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Employment Law Blog
James Tarquin, P.A
As part of our commitment to assist and educate employees in fighting back against the abusive employment practices of employers, we offer a broad range of information about employment law issues in our employment blog.

Court Finds Sufficient Evidence To Show That Employee Was Discriminatorily Fired For Punching Supervisor Who Used Racial Slurs

Sign that reads race discrimination case

Title VII of the Civil Rights Act of 1964 (Title VII) prohibits employers from discriminating against employees on the basis of race, color, religion, sex, or national origin. Under Title VII, employers are required to treat all employees the same. However, as our Central Florida race discrimination attorneys have learned through litigating race discrimination claims for almost twenty years, employers continue to treat employees differently despite Title VII’s mandate of equal treatment. As a result, the overwhelming majority of discrimination cases involve allegations of disparate treatment.

Disparate treatment, as observed by the U.S. Supreme Court in International Brotherhood of Teamsters v. United States, 431 U.S. 324 (1977), “is the most easily understood type of discrimination.” Disparate treatment occurs when an employer treats an employee differently than it treats another employee of a different race, color, religion, sex, or national origin. As explained by the International Brotherhood Court, proof of an employer’s discriminatory motive “in some situations be inferred from the mere fact of differences in treatment.” The decision by the U.S. District Court for the Western District of Oklahoma in Heaven v. Skinner Tank Company, No. 15-825 (March 8, 2016) is instructive in showing that an employer’s differences in treatment generally will enable an employee to present his or her race discrimination case to a jury for resolution.

Employee Abused On The Basis Of Race

In that case, Isaac Heaven (Heaven), who is African-American, clamed that his former employer, Skinner Tank Company (Skinner Tank) fired him on the basis of race in violation of Title VII. Heaven was employed by Skinner Tank as a welder/helper. Heaven’s race discrimination claim arose out of an incident involving an employee named Jones who was Heaven’s supervisor.

Heaven alleged that the incident started when Jones began berating him to improve his performance and repeatedly called him “boy.” When Heaven objected to Jones’ abuse, Heaven claimed that Jones bumped him with his body. In response, Heaven punched Jones in the jaw. The two employees then began fighting until another employee broke it up. After the fight was broken up, Jones told Heaven “you put your hands on me . . . it’s over.” Believing that he had been fired, Heaven left the workplace and returned to his hotel room. 

Later that day, Jones went to Heaven’s hotel room and tried to discuss the situation. When Heaven refused to shake his hand, Jones told Heaven that he was fired. After Jones fired him, Heaven alleged that he heard Jones use a racial slur as he drove through the hotel parking lot. That same day, Jones notified his supervisor that he was quitting. After quitting, Jones then left a voice mail message with a racial slur on the phone of Heaven’s cousin.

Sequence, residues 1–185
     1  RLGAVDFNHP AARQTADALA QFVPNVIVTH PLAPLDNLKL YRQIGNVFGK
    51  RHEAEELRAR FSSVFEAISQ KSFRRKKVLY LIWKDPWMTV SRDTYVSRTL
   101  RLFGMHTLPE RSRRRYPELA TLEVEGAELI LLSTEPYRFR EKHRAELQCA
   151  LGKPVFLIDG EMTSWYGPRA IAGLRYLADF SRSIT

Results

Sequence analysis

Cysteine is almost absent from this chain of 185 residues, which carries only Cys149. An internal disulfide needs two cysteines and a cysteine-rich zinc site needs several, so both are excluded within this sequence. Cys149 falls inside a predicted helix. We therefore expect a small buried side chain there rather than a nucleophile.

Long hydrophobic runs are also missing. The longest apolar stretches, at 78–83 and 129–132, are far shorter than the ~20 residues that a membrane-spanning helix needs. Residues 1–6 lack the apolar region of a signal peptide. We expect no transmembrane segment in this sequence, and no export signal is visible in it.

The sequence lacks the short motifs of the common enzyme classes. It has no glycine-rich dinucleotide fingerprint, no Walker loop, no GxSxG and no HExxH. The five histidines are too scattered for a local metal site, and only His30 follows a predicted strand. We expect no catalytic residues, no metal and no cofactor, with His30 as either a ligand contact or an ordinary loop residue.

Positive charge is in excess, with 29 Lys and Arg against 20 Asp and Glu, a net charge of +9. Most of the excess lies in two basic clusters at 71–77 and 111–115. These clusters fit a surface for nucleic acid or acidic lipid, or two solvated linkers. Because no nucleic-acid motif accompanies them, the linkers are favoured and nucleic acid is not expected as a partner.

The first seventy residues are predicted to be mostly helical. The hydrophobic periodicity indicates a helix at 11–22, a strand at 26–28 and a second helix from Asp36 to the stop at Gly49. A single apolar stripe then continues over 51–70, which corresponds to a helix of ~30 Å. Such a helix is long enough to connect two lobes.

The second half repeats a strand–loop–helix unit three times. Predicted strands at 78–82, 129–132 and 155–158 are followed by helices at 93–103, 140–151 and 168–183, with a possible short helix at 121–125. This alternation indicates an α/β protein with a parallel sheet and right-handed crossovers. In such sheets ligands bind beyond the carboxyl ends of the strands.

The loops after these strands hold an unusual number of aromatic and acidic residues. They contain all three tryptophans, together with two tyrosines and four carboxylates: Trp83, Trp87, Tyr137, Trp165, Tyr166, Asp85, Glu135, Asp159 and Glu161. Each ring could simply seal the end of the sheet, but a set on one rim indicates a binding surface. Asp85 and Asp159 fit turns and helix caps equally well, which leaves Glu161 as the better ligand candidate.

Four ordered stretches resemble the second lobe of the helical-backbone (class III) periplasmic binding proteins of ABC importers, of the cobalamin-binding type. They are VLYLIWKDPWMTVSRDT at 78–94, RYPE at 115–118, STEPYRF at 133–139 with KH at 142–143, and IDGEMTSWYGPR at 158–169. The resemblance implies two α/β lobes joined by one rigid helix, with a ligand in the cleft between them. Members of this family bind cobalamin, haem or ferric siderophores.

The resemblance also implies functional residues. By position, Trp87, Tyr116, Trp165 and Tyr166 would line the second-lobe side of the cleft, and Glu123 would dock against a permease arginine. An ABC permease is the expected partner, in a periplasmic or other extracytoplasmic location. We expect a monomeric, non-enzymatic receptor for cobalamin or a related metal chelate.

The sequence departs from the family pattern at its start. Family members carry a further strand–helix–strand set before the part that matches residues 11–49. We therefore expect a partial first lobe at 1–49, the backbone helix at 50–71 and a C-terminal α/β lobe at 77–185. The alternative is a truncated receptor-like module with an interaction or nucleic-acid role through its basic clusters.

Other Employees Not Fired For Fighting

Skinner Tank moved to dismiss Heaven’s race discrimination claim. In doing so, Skinner Tank argued that Heaven’s race discrimination claim failed as a matter of law because Heaven was fired for fighting on the job in violation of Skinner Tank’s company policy. The trial court denied Skinner Tank’s motion for dismissal. In denying Skinner Tank’s motion for dismissal, the trial court found that Heaven had submitted evidence that fights between employees “went on all the time” and employees were “not usually” terminated for fighting. Thus, the trial court explained, Skinner Tank treated Heaven differently and less favorably from other employees who engaged in the same conduct. Skinner Tank’s differences in treatment, the trial court reasoned, was evidence that the articulated reason for Heaven’s discharge was a pretext for race discrimination. Therefore, the trial court concluded, Heaven was entitled to have his race discrimination resolved by a jury and not by the court as a matter of law.

Free Consultation With Ocala Race Discrimination Attorneys 

Based in Ocala, Florida and representing employees throughout Central Florida, we have extensive experience litigating race discrimination cases. If you have been the victim of race discrimination, or have questions about being treated less favorably than employees of a different race, please contact our office for a free consultation with our Central Florida race discrimination lawyers. Our employee rights law firm takes race discrimination cases on a contingency fee basis. This means that there are no attorney’s fees incurred unless there is a recovery and our attorney’s fees come solely from the monetary award that you recover. 

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